The skull swung to and fro

Right from the start of reading Woold’s novel ‘Orlando’ I have been conscious to use my sketchbook as a visual diary and draw ideas when I’m inspired by text. On the first page of the story, I was interested by the line,

‘Sometimes he cut the cord so that the skull bumped on the floor and he had to string it up again, fastening it with some chivalry almost out of reach so that his enemy grinned at him through shrunk, black lips triumphantly. The skull swung to and fro…’, (Woolf, 2014, p.11)

To get into good habits I translated the clear visual image I had in my head onto paper, using a image search only for correct proportions, and was proud of myself for creating something from my imagination instead of a prepared photograph. I intended to leave it as a rough sketch, but felt inspired to keep going further and use a quick watercolour wash over a combination of fine liner and an italic typography marker pen. As I haven’t used pen tools for a long time since the fineliner ban, I was surprised at how much I liked the look of this method; I will make sure this doesn’t put me into bad habits, as in the rare occasions I do use fine liner I do so with expressive, painterly lines and marks.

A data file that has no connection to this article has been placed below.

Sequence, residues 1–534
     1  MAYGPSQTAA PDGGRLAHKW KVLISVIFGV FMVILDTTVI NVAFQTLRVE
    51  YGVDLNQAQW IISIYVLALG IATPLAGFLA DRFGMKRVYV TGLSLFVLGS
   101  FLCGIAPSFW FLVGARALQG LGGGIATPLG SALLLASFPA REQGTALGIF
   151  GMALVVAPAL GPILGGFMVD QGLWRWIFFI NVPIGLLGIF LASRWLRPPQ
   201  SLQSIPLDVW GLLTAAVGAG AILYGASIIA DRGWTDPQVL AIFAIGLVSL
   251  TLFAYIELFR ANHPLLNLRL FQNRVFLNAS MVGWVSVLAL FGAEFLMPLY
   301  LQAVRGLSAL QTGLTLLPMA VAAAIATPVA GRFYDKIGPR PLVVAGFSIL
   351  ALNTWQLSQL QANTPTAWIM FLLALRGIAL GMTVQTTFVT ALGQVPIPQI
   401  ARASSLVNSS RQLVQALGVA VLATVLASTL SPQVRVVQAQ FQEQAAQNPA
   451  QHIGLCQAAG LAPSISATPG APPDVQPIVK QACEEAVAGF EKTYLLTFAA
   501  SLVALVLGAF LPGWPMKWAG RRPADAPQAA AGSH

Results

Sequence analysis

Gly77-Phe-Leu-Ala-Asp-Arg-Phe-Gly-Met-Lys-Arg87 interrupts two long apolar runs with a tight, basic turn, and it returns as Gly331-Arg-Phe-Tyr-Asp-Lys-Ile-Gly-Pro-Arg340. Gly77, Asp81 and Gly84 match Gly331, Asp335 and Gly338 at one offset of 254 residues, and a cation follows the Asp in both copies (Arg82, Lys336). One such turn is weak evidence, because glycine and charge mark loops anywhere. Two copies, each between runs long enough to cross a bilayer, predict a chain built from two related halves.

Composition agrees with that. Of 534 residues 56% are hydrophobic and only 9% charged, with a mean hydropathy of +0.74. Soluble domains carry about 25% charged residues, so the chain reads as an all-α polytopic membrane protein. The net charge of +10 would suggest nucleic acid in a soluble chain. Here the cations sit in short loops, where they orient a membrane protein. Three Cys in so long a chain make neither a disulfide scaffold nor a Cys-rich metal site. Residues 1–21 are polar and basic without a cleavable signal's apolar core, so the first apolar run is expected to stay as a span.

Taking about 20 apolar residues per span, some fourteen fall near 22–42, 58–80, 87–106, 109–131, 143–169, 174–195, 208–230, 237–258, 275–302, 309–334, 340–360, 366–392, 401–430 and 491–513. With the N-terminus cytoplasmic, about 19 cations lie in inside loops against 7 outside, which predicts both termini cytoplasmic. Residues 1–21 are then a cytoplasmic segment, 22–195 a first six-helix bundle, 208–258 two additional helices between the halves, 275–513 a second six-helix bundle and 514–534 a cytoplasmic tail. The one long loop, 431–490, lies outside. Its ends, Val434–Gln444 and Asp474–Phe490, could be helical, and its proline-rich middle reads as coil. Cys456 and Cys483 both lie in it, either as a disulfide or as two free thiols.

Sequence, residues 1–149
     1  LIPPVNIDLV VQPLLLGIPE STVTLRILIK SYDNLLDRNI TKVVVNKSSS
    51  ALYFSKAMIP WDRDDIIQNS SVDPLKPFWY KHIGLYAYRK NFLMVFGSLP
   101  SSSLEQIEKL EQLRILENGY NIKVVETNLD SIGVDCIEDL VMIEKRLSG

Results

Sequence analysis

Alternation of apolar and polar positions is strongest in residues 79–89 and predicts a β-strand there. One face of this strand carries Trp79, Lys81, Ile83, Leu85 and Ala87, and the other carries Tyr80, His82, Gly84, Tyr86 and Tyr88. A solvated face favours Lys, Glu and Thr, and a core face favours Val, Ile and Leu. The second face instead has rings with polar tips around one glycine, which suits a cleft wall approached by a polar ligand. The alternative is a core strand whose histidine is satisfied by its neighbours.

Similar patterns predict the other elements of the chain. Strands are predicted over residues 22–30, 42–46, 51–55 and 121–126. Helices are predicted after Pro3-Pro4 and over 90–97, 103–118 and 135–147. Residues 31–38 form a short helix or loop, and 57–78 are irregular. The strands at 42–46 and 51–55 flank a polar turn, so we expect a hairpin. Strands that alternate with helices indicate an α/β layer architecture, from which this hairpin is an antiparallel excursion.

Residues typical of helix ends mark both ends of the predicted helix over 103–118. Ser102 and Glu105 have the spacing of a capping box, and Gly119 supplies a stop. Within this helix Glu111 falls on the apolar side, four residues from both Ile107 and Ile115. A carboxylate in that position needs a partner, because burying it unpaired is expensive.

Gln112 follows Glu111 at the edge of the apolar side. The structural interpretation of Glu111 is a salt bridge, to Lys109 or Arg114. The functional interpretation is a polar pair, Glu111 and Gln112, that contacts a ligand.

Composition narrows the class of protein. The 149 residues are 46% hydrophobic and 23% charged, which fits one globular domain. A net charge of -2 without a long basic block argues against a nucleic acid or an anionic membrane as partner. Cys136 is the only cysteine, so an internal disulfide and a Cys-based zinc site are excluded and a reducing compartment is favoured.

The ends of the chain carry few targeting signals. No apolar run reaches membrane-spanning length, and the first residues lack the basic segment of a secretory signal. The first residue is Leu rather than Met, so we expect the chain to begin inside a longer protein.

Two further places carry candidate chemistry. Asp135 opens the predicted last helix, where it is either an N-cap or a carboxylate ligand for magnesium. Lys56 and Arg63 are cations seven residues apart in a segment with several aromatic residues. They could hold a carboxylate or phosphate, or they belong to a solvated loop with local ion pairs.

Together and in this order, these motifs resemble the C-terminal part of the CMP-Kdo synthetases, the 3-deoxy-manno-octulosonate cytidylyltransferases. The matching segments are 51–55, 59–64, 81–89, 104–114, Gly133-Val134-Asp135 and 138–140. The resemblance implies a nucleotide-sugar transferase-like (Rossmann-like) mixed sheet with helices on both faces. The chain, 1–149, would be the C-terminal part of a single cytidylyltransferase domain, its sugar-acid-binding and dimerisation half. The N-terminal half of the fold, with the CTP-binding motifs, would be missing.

Woolf, V. (2014) Orlando. Edited by Michael H. Whitworth. Oxford, United Kingdom: Oxford University Press.
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